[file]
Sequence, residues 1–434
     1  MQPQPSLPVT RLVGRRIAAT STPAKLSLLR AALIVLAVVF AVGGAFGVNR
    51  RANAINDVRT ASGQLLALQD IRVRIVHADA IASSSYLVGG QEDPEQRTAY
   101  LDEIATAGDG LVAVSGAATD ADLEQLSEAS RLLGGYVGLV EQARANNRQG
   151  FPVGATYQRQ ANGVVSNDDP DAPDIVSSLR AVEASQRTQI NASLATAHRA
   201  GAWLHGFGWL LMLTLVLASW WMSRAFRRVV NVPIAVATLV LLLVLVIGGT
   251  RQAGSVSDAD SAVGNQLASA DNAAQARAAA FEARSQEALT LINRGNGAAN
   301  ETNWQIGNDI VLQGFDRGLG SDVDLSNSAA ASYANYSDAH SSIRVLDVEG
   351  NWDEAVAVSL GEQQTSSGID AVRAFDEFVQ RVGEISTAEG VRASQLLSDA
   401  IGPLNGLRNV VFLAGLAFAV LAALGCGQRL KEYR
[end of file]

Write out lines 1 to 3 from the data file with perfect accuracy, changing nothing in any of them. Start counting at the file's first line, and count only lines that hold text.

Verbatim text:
Sequence, residues 1–434
     1  MQPQPSLPVT RLVGRRIAAT STPAKLSLLR AALIVLAVVF AVGGAFGVNR
    51  RANAINDVRT ASGQLLALQD IRVRIVHADA IASSSYLVGG QEDPEQRTAY